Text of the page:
School supplies ready for teachers

Published 9:09 am Thursday, September 6, 2018

There’s nothing like opening a door and seeing a box full of Elmer’s glue sticks – free for the taking.

For teachers in the Davie County School System, that is exciting.

In an effort to provide school supplies where they are needed, the United Way of Davie County has opened a Teachers’ Supply Closet at the office on Country Lane in Mocksville, where teachers can go every Tuesday from 4-6 p.m. to get what they – or their students – need.

Melinda Beauchamp, United Way chief executive officer, said the agency tried to coordinate bookbags filled with school supplies, but other groups were doing the same thing.

One of the premises of the United Way is to provide needed services not provided elsewhere. She had seen where teacher closets were successful in other places and decided to start one here.

“We could serve our teachers who deserve it, and help our students accomplish more. Our teachers end up spending an average of $500 to $1,000 a year on school supplies,” she said. “They do not need to be doing that. Why is that burden on our teachers? Why don’t we bless them with something they can use that will help them?”

Teachers were ecstatic.

Angela Watson, a teacher at William Ellis Middle School, said she jumped for joy when she saw the box filled with Elmer’s glue sticks. It’s unbelievable how many of those students and teachers use during the year, she said.

She loves the Davie County School System, and said it does everything it can for teachers. It is one of the reasons she moved to Davie County, and according to Beauchamp, one of the reasons many families move to Davie County.

“The need is so great,” Watson said. “We all need to look out for each other.”

Beauchamp pointed out that 47 percent of students in Davie schools qualify for free or reduced-price lunches.

Teachers don’t mind spending their own money, said Davie High teacher Jaime Johnson. But to have the needed items on hand for free makes teaching here even better. She has 90 students, and had to pass out four composition notebooks on the day of the interview.

“We know this will make our lives and our students’ lives a little easier,” she said. “I felt like a kid on Christmas morning just to get basic school supplies.”

“Like a kid in a candy store,” Watson said.

“This is not junk,” Johnson said. “This is good, name brand stuff that we would have purchased with our own money.”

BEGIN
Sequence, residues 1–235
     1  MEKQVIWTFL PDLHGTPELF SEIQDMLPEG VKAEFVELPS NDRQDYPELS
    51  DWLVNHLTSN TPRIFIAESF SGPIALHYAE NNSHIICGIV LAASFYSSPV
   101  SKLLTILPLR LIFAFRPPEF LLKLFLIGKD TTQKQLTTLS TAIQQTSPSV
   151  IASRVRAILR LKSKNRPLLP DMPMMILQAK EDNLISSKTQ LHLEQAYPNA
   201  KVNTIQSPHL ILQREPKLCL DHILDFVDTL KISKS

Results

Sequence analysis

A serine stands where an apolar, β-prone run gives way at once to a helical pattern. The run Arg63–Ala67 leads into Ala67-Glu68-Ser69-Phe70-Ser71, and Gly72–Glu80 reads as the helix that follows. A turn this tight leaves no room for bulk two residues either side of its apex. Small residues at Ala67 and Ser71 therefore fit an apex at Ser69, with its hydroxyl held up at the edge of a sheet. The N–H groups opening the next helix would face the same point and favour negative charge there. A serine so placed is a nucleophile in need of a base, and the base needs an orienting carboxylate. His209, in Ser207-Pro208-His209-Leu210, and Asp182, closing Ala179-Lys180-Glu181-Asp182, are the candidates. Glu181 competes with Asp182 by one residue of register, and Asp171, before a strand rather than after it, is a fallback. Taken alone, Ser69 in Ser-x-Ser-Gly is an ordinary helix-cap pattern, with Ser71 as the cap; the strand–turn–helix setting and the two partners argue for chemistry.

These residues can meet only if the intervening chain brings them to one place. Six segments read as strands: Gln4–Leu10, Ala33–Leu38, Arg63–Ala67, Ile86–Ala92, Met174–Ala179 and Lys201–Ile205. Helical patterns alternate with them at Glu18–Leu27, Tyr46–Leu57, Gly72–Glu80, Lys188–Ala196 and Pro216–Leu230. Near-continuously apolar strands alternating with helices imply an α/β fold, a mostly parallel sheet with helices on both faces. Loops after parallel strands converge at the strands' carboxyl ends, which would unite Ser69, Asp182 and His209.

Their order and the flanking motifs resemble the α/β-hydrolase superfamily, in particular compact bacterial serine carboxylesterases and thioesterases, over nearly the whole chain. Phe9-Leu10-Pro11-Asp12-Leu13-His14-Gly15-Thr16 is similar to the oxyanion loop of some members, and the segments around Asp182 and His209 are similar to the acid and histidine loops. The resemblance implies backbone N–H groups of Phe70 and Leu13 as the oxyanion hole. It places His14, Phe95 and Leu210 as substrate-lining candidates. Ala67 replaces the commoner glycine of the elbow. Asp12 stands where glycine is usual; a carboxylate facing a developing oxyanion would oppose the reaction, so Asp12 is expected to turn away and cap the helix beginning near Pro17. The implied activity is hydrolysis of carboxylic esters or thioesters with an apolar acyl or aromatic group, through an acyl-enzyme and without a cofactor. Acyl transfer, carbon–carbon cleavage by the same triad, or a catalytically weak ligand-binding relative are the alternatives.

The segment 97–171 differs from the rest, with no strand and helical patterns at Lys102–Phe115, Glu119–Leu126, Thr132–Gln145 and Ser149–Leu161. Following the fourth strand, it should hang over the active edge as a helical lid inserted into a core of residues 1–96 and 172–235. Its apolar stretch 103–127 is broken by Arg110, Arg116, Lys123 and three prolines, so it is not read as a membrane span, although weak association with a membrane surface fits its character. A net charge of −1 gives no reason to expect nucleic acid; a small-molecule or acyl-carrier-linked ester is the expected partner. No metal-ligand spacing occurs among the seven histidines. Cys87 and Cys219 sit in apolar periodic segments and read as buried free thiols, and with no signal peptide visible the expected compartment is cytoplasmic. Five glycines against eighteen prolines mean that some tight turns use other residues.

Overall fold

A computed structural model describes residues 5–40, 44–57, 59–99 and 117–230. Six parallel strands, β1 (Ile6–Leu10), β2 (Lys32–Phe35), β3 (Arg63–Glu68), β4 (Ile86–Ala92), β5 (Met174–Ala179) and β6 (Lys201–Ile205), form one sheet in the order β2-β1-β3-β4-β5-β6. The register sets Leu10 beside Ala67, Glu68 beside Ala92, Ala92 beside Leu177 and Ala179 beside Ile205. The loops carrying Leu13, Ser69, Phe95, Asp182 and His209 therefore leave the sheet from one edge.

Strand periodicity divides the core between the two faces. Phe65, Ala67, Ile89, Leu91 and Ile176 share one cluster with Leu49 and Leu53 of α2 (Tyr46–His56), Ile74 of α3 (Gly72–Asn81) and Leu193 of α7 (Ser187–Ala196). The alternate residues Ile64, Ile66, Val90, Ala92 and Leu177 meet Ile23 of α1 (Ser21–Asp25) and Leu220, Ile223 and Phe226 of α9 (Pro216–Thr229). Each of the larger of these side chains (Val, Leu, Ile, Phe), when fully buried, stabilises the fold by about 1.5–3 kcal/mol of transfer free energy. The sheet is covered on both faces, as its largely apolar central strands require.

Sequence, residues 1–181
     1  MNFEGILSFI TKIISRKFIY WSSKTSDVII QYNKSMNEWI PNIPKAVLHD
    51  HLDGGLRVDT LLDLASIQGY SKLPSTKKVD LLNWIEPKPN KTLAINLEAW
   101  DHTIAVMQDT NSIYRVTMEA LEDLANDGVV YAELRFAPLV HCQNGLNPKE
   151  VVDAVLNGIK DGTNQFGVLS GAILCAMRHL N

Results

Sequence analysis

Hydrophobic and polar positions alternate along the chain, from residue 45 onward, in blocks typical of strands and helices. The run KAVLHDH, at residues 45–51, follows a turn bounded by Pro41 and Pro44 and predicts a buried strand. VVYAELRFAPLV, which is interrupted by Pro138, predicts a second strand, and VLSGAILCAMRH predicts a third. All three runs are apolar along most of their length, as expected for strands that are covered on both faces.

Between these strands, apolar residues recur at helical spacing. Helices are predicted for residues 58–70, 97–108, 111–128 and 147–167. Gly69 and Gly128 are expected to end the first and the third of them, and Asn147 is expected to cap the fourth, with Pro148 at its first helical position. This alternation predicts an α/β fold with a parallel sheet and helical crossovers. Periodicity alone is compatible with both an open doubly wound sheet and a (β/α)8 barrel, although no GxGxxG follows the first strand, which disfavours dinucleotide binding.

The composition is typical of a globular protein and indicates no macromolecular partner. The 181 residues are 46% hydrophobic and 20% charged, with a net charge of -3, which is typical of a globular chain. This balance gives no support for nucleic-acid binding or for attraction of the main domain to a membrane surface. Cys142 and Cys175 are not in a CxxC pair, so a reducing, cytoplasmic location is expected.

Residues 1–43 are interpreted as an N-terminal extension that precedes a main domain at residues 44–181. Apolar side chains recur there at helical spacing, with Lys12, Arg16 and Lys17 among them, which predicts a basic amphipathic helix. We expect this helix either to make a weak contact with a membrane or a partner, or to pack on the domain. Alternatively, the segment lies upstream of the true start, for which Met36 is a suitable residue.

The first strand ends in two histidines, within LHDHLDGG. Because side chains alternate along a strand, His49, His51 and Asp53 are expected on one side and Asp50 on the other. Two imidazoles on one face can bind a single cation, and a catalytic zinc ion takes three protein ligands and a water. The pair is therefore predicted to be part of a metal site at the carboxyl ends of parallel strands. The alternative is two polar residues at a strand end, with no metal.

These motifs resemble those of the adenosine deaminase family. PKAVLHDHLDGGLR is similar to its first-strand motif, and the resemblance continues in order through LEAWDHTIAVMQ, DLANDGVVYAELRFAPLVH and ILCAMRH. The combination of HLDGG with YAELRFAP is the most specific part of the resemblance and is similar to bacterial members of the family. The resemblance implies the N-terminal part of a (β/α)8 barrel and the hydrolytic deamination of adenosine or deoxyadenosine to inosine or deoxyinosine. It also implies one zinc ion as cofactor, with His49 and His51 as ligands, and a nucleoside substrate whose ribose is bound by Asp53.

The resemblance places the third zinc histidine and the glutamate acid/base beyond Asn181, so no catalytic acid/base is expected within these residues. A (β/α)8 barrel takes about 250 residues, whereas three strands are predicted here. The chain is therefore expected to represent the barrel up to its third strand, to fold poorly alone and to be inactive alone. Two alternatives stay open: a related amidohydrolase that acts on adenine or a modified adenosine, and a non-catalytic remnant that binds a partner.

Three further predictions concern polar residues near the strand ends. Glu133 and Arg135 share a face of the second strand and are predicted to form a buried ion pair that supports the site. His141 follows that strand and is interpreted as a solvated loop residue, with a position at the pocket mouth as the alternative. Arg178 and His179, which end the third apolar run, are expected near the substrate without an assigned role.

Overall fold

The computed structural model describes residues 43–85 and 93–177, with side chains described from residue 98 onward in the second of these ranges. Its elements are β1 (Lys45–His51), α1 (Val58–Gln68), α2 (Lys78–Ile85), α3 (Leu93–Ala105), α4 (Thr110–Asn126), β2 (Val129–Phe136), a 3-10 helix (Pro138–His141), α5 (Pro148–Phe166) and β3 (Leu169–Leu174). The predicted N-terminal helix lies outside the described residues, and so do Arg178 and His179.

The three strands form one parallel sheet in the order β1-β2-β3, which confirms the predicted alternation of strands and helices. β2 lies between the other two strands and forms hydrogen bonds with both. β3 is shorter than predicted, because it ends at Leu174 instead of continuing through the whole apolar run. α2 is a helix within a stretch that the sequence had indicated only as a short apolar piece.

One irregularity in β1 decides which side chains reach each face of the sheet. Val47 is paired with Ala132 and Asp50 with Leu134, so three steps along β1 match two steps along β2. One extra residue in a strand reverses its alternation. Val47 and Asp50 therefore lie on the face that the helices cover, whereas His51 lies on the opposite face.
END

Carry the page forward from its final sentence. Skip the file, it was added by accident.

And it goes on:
The closet is manned by retired educators.

Only a few weeks into the program, and space is already a concern. It is housed in a former storage room. “This is better than I really dreamed of,” Beauchamp said, who is dreaming of a separate facility next door to house the items.

There’s copy paper, tissues, Lysol wipes, hand sanitizer, notebooks, folders. The list goes on and on, as do the needs. Cash donations are the most welcome, because that way, the United Way can purchase the items teachers say they most need. They’re always on the lookout for those items on sale. People brining in items for the closet is OK, but with limited storage, they don’t want items that aren’t needed or wanted.

Churches and civic groups are already making donations, as are individuals like Mia Calamusa, who makes donations with her moms support group.

“It takes more than one person to raise a good human being,” Calamusa said. “Giving to those who have such a huge influence on our kids’ lives … and that goes to exactly what our teachers and students need, is an easy decision.”

Watson said not only teachers, but every employee at Davie schools, cares about the children, from the custodians to the cafeteria workers, from teacher assistants to volunteers.

“As a mom, I love programs like this,” Calamusa said. “We’re really pulling together.”

Watson said there are various reasons students don’t have enough or proper school supplies, and programs like this can help those children get out of a cycle.